Chip War: The Fight for the World’s Most Critical Technology by Chris Miller
Book about the history of computer chips and international geopolitics that has become entangled with the processes of manufacturing them. The COVID pandemic has highlighted the fragility of the computer chip supply chain: chips require a complex network of hundreds of components to produce, spread across many countries, and each step in the process is highly specialized, so that often there is only one company in the whole world capable of producing it. This book describes the history of how this situation came to be.
The early history of computer chips began in America, with the development of transistors in the 1950s, and soon after, integrated circuits. Early computers were clumsy and inefficient, only suitable for niche use cases, but better processes made them lighter and suitable for usage in space, most notably, the guidance system for the Apollo missions. Fairchild Semiconductor conductor was a pioneer in this space, innovating on processes to manufacture transistors. Early on, the military was the main buyer of chips, and precision guided missiles powered by chips proved to be useful during the Vietnam War; soon afterwards, chips shifted away from military use and towards the consumer market.
While the Americans were developing new technologies, the Soviets tried to set up their own version of Silicon Valley, but by imitating the Americans instead of innovating. Although their spies were quite successful at stealing chips and even chip manufacturing equipment, this copying strategy was unsuccessful, and Soviet technology always lagged several years behind the Americans. Since the Soviet Cold War economy was isolated, it could not benefit from the economies of scale that made the Western chip industry efficient. The chip disadvantage likely played a role in the collapse of the Soviet Union.
During the 1980s, Japan started ramping up on chip production, especially with memory chips. Japanese companies produce chips that were high quality and cheap; the American counterpart, GCA, could not keep up with the competition and eventually went out of business. In Korea, Samsung was fueled by the state and emerged as another Asian competitor. Similarly, in the 1990s, the Taiwanese government was eager to invest heavily in chip development, creating TSMC, which today is the world leader for chip fabrication and plays a crucial part of the chip supply chain. A Dutch company, ASMC, captured the market on lithography tools used in chip manufacturing plants, being the only company in the world capable of producing the highly precise EUV (extreme ultraviolet) equipment necessary to produce modern chips.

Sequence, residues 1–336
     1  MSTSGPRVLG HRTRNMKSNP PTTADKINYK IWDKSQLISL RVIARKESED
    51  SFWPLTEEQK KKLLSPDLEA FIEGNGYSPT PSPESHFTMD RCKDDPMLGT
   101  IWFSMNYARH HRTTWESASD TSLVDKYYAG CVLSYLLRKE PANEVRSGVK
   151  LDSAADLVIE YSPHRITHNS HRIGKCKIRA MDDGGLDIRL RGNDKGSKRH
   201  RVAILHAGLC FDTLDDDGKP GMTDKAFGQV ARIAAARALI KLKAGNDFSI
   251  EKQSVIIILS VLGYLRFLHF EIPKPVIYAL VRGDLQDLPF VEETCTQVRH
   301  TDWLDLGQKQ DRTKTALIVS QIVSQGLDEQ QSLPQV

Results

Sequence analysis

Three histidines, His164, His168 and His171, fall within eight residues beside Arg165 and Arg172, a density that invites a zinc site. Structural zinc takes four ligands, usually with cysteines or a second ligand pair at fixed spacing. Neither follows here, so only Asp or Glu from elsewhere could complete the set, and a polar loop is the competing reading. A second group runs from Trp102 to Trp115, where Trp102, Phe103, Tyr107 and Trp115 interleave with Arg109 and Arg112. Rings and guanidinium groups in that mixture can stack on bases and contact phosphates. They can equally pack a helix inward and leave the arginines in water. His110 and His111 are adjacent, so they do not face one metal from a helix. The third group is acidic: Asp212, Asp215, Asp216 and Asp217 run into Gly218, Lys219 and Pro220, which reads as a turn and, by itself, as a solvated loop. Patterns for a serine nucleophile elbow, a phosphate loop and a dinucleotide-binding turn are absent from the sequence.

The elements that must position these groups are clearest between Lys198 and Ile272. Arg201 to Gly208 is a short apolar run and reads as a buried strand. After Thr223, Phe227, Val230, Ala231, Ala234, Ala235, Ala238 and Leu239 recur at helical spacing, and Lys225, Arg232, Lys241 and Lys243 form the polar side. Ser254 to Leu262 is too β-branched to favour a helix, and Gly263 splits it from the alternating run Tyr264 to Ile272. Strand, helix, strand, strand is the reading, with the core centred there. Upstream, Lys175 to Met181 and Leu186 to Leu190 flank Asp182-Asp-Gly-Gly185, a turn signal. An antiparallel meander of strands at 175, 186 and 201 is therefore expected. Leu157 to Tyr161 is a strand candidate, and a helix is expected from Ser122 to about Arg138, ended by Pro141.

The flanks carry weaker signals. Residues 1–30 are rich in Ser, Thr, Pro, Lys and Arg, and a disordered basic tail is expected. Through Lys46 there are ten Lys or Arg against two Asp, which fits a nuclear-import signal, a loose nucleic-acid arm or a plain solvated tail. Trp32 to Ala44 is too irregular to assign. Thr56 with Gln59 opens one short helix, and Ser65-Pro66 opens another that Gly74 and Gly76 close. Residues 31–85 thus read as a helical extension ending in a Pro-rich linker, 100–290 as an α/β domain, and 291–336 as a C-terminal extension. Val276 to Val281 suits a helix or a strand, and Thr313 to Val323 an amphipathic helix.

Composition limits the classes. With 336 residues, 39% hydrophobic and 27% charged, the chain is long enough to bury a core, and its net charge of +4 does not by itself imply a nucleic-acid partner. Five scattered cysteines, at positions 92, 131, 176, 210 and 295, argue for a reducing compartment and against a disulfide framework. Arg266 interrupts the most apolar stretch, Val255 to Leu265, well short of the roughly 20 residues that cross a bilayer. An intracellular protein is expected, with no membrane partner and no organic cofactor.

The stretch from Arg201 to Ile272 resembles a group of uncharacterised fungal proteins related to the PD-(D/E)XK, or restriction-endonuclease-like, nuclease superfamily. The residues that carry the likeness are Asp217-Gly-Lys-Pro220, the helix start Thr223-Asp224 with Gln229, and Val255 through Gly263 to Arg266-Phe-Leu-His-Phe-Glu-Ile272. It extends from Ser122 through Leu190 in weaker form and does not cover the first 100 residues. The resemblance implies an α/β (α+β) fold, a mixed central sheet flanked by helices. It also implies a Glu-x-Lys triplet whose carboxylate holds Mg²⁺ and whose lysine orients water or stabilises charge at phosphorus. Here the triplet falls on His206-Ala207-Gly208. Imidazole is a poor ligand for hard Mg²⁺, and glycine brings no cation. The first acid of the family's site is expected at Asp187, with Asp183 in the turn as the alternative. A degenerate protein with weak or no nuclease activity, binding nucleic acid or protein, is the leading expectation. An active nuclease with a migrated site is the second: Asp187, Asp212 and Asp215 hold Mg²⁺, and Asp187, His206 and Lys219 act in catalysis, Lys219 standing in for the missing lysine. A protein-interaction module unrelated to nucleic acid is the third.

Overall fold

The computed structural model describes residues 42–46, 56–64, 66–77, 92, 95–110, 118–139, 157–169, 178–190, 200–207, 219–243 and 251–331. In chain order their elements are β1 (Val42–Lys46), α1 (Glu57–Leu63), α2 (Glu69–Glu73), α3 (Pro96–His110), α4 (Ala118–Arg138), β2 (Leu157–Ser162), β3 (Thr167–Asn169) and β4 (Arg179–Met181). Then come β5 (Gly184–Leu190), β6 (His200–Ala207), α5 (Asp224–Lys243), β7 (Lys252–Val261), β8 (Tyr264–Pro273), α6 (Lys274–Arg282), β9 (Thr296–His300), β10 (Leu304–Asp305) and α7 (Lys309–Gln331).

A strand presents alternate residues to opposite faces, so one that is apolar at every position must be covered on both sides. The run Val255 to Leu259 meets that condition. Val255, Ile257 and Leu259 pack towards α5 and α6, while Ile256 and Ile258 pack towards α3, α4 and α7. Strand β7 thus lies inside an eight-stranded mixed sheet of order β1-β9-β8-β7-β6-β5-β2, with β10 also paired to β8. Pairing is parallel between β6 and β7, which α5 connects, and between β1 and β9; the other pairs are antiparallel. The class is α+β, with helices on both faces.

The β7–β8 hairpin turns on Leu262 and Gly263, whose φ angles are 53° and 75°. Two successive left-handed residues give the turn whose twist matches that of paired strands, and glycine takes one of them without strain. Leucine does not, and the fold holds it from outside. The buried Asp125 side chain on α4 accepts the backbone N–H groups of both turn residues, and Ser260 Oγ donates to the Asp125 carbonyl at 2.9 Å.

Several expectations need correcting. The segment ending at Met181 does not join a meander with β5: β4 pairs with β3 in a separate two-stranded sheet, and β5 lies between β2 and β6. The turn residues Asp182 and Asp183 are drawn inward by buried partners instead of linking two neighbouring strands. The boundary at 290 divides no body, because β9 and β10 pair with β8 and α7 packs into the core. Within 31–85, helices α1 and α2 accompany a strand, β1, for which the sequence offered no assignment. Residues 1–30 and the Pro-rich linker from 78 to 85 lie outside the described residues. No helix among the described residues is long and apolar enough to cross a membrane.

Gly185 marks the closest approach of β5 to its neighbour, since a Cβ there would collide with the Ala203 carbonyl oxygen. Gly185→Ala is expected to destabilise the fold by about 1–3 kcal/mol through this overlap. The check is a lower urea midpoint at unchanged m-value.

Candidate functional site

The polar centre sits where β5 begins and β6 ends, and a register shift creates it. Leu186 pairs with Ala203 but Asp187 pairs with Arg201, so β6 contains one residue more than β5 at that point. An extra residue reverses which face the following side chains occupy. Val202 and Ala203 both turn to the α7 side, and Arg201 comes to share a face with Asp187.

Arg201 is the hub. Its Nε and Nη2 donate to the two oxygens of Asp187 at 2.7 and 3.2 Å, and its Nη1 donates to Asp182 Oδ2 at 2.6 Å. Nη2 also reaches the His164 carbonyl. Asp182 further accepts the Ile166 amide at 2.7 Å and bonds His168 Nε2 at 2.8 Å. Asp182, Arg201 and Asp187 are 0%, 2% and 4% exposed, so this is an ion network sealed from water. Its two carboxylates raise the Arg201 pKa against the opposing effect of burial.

Outsourcing chip fabrication was a positive for innovation: chip production required enormous capital investment, whereas chip design required much less capital. Two American companies that benefited from the “fabless revolution” were NVIDIA (specializing in graphics cards), and Qualcomm (specializing in wireless communication chips). Apple is often seen as a hardware company, but it only does the design, iPhone chips are produced by TSMC in Taiwan and assembled in China. Intel became the America’s only remaining domestic chip manufacturer, but its technology is rapidly falling behind Taiwan’s TSMC and Samsung, and it’s doubtful whether it can ever catch up.
Recently, China has been the latest to invest in chip production. Prior to this, China was involved in assembling iPhones, but this is a relatively low margin operation compared to designing and manufacturing chips. Starting in 2014, the Chinese government started making huge investments into chip manufacturing to become globally competitive, even going as far as stealing intellectual property from foreign companies. However, as was the case for the Soviet Union, it is futile to play catch-up – it would take a decade to replicate the existing technology, and by then it would be obsolete, since the competitors would have moved on to newer technologies. Therefore, the only winning play is to develop an essential piece of the global supply chain, which Taiwan, Korea, America and the Netherlands have done. Huawei is threatening to develop the first 5G network, which would be the first indispensable technology only produced in China, threatening the current western-controlled hegemony. Therefore, the Trump administration started a trade war, cutting off Huawei’s supply chain and access to its crucial chips in order to prevent China from gaining the upper hand.
China has been posturing around invading Taiwan, but this is unlikely to happen because both China and America are heavily dependent on Taiwan’s TSMC for chip fabrication. China would like to take control of the TSMC, but the delicate high-tech chip production plant would likely be destroyed in a military operation. Since TSMC is the world’s only producer for many high tech chips, its destruction would set back would set back world chip production by several years, resulting in a shortage far more severe than even the chip shortage of 2021 – a form of mutually assured destruction protecting Taiwan from invasion.
Overall, this is a well-timed book describing the history of the chip industry, how it became globalized, and the current political situation of superpowers jostling over chip supremacy. This supply chain is unique in that it consists of thousands of high-tech components, yet almost every component is produced in only one place and impossible to replace. Last year’s chip shortage has shown the world how fragile this ecosystem is, and this book will help you understand the strategic maneuvering behind the trade war with China.